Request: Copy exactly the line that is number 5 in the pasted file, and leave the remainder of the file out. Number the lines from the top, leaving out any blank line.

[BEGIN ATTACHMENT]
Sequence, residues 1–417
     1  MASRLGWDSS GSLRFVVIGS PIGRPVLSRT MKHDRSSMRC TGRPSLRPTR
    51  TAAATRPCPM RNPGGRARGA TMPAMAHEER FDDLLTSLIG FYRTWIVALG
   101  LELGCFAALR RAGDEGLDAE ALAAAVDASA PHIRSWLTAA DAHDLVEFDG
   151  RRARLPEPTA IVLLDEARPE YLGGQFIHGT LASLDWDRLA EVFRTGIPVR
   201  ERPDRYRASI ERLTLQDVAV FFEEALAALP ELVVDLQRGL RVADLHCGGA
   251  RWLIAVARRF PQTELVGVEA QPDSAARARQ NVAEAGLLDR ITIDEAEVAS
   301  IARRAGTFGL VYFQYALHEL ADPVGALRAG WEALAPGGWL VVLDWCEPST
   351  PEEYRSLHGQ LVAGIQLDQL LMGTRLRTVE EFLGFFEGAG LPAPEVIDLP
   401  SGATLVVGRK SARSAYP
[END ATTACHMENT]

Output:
   151  RRARLPEPTA IVLLDEARPE YLGGQFIHGT LASLDWDRLA EVFRTGIPVR